It was a plan that came together. A little escape to Grown-Up Land. It was a visit to the Decatur Book Festival to hear my favorite author speak! You may have noticed the tiny wee ticker to the side, counting down not only the days until her next release, but the hours and minutes. Whee!
Diana Gabaldon (rhymes with stone) has been one of my favorite authors for about 8 years. In fact, I first read a book of hers in August of 2000. And if you think I remember the date and place of every book I read, I can assure you it is not so. That may be the *only* series I remember exactly where and when I was when I found it. Out of hundreds.
A ringing endorsement? Surely. But she's not for the faint-hearted, since her books tend toward tome-size and you need to cheerily sing Sir Mix-a-Lot's tune to the words "I like..... big books and I cannot lie..."
So off I rolled with a pal in tow, to hear Diana speak and read a bit from her upcoming latest addition to the Outlander series, An Echo in the Bone. She began with a raunchy 18th century joke and ended with a spicy scene from The Book. And as we left the sanctuary (I don't call it that because I love her - we were actually in a sanctuary), Dana turned to me with pink cheeks and said "I see why you like those books!"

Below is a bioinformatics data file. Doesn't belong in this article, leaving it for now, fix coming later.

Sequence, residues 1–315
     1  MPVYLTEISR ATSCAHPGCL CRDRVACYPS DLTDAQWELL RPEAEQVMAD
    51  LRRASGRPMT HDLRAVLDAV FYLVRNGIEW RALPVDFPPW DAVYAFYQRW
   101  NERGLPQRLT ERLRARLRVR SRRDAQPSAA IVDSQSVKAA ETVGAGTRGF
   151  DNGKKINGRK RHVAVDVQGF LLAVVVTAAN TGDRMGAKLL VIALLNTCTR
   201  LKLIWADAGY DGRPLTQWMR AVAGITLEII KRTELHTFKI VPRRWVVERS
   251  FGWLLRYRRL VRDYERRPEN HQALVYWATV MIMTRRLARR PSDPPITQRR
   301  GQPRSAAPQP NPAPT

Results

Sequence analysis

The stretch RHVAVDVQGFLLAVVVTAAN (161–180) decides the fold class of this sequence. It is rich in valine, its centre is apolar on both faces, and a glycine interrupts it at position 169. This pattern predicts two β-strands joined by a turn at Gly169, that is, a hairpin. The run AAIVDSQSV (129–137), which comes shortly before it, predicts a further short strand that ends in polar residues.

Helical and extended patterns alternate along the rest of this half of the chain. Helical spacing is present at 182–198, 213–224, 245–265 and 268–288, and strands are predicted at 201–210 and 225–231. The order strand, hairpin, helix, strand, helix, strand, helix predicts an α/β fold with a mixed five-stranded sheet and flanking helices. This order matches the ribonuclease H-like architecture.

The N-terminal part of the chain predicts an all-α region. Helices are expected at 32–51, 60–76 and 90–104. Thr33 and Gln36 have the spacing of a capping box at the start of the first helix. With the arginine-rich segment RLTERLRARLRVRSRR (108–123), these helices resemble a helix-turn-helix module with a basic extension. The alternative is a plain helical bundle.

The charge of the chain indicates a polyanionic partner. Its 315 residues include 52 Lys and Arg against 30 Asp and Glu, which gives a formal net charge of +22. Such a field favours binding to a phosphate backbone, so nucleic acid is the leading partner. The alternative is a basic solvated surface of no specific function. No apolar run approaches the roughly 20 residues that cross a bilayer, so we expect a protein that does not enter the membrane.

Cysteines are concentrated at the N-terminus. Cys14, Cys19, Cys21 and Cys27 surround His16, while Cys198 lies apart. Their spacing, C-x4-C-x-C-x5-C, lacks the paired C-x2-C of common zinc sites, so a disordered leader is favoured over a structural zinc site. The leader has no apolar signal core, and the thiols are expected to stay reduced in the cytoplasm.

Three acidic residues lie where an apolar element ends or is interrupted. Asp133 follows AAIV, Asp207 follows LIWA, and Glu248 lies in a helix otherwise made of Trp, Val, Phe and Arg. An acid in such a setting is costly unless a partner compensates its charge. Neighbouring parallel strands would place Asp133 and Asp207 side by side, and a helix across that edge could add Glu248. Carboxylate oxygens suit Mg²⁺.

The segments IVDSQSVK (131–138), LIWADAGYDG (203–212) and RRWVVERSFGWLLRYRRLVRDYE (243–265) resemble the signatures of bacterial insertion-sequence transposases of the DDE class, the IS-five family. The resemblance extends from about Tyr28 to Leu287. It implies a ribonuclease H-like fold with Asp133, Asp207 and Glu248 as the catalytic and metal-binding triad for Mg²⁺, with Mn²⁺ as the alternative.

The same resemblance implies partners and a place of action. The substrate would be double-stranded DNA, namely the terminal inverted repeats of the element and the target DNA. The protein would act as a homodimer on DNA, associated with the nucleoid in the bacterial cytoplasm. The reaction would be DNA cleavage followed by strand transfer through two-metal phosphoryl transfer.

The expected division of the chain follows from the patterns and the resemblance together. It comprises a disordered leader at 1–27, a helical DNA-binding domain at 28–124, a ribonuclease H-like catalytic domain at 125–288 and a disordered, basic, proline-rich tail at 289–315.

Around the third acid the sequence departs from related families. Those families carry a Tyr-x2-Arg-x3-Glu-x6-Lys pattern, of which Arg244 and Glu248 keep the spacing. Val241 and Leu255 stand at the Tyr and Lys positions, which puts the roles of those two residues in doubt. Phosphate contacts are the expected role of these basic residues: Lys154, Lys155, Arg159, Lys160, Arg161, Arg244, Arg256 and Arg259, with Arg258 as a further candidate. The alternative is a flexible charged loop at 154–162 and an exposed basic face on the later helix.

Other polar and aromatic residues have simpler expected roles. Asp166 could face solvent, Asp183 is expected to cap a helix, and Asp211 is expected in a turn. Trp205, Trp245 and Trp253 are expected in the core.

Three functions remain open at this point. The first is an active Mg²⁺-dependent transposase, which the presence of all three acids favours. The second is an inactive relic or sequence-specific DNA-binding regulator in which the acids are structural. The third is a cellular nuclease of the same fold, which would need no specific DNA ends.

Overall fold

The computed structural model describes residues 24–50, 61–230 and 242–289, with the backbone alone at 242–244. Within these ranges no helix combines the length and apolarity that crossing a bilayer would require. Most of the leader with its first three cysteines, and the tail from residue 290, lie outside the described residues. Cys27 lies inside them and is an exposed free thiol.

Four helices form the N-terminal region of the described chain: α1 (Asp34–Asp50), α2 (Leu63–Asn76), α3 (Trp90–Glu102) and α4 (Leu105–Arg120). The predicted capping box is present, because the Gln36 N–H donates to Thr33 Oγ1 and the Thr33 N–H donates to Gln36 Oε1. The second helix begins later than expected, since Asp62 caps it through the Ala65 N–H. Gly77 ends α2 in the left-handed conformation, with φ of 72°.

And yet, the more shocking expose of the occasion was the young lady in front of us, who was of a generous size. In her haste to get to Diana's speech, she appeared to have forgotten both her undergarments and some shorts that actually fit. And each time she stood up to adjust her tiny swatch of khaki clothing, she treated us to the fullest moon I have seen outside of a bathtub. It is a simple fact, that unless you are a trained medical professional, receiving payment, that sort of view is really unnecessary. But much like roadkill, it was difficult to look away, and even more difficult not to giggle riotously. I floated the idea that the song-line "teach your children well" may have been referring to proper use of clothing items.
Then along we went, to stroll the streets and eventually wander into Javamonkey. Where I thought we were having coffee, but was informed we were having wine. And it was tasty and just right for the day. Though it took a moment to adjust to not having to tuck tags, wipe mouths or shush small voices... it was thoroughly enjoyable to sip and chat in a wine bar with a view of a poetry-reading outside and the city's mix of pedestrians meandering along the sidewalk.
A few hours out of the norm does a body good.